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OP59 Improving consumption of sugar-sweetened beverages across populations: lessons learnt from a systematic review and meta-analysis
  1. EJ Vargas-Garcia,
  2. CEL Evans,
  3. JE Cade
  1. Nutritional Epidemiology, University of Leeds, Leeds, UK


Background Increased intakes of sugar-sweetened beverages (SSBs) have been reported to significantly contribute to the burden of ill-health derived from obesity and its related comorbidities. As one of the greatest sources of added sugars, research and government bodies have recognised the importance of decreasing consumption of SSBs to improve public health. However, there is little evidence available on the most successful types of interventions across age groups. Consequently, a systematic review and meta-analysis was undertaken to address this gap.

Methods A search strategy was executed in Medline, Embase, Scopus, Web of Science, Cochrane’s Central Register of Controlled Trials and the Global Health Library so that randomised, non-randomised and cluster randomised-controlled trials published after 1990 in any language, with a control group available and reporting variations in daily consumption of SSBs were retrieved, screened and analysed for internal and external validity. Behaviour change techniques (BCTs) were identified and analysed in all included studies following an established taxonomy. Methodological quality was appraised through Cochrane’s risk of bias tool and a random-effects meta-analysis was used to summarise the mean difference in consumption of SSBs between groups.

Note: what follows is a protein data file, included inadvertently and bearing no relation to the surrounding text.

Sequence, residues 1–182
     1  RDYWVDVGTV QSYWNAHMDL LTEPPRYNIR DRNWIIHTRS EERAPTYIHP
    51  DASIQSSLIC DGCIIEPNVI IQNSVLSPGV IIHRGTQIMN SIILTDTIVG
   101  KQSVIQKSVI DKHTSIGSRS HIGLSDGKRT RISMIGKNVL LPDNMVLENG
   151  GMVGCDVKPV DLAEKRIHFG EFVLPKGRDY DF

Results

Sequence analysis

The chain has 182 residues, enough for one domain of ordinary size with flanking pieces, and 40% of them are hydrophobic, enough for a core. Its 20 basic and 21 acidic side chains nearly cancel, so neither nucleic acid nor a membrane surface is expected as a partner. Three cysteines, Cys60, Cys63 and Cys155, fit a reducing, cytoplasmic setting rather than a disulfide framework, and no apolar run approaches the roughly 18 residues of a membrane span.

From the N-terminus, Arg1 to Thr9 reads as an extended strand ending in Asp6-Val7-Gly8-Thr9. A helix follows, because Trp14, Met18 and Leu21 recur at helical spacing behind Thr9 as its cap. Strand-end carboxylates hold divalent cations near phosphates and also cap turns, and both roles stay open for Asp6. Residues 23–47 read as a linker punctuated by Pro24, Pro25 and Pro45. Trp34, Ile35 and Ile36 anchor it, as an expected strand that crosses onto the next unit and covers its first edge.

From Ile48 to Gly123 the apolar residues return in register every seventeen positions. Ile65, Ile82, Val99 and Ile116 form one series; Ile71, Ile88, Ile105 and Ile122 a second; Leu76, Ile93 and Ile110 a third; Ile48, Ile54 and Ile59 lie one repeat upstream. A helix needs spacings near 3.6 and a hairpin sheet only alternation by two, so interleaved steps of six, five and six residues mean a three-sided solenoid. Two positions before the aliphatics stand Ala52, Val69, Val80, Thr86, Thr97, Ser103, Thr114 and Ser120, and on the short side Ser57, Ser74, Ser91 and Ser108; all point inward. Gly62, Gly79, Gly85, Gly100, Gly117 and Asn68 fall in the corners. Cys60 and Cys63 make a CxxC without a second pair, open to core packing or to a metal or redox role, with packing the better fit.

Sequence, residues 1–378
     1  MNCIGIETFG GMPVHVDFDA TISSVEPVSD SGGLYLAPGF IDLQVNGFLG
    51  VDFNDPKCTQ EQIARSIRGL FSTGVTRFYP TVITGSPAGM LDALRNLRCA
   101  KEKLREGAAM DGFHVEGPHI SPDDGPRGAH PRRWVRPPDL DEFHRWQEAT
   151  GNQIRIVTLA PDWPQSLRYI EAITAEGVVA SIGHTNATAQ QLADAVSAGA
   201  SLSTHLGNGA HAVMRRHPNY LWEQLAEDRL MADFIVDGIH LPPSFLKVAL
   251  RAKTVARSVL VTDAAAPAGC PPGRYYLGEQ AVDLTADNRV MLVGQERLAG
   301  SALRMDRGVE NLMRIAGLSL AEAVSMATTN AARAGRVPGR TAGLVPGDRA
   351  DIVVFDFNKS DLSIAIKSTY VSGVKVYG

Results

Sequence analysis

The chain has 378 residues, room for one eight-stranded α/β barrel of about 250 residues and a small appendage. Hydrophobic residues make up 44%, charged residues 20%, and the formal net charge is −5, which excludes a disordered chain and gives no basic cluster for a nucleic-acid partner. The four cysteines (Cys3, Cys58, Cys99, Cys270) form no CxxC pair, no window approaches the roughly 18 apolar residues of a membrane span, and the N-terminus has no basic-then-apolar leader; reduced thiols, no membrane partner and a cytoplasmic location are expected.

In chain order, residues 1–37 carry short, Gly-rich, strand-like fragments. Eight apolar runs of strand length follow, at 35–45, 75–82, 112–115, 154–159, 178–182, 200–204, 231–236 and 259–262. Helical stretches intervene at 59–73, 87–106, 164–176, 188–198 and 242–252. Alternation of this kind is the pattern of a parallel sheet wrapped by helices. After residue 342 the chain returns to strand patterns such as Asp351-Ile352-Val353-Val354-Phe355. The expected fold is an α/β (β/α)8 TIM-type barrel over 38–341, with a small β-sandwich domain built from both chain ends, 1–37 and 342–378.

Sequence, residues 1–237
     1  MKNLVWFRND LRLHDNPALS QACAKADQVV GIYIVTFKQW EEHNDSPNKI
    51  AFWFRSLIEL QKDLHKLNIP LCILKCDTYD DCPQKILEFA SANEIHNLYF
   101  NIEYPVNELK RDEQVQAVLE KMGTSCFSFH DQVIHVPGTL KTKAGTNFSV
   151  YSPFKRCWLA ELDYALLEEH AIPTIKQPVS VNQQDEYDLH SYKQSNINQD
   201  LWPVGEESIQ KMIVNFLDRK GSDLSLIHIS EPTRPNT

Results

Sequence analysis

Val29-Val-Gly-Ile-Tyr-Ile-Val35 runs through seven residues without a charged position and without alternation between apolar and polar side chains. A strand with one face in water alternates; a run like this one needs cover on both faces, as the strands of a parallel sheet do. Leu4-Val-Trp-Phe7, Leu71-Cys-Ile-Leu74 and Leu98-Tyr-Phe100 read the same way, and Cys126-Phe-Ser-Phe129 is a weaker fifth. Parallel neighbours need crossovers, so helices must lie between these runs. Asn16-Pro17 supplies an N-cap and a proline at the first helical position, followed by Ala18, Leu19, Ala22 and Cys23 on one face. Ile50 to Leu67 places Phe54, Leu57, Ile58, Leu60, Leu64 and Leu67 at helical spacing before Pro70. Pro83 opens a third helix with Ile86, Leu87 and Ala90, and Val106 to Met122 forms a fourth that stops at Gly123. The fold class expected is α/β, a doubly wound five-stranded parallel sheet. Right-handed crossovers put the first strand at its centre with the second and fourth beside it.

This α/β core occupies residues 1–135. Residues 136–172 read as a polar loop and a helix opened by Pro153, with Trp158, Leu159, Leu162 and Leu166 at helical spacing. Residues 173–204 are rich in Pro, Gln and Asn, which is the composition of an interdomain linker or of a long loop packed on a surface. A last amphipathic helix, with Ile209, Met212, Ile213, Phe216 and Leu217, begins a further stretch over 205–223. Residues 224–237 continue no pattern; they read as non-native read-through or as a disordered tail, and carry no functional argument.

Results From 5466 original records obtained, 210 papers were read in full and 29 were meta-analysed. Eighteen studies on 7780 children, four studies on 1609 adolescents and seven studies involving 1291 adults had complete data for meta-analysis on SSB intakes. Overall, interventions significantly decreased consumption of SSBs in children by 86 ml/day (95% CI: −129, −43) while reduced intakes in adolescents and adults were non-significant: 24 ml/day (95% CI: −156, 109) and 13 ml/day (95% CI: −53, 28), respectively. Heterogeneity was considerable for children (I2 = 94%) and adolescents (I2 = 91%) studies and substantial for interventions targeting adults (I2 = 55%). The inclusion of techniques that heightened motivation, enhanced planning, preparation and persistence were more likely to yield lower intakes of SSBs across all populations. Environmental support appeared to increase the likelihood of better dietary outcomes in children, but this was not identified in other age groups.

Conclusion Bringing about behavioural change in consumption of SSBs in many populations remains a challenge. While enhanced designs are warranted, a combination of strategies that motivate, prepare participants to act and persevere with this dietary behaviour can provide a useful approach to more efficacious and effective public health interventions. Additionally, a supportive environment stands as a promising feature when targeting children.

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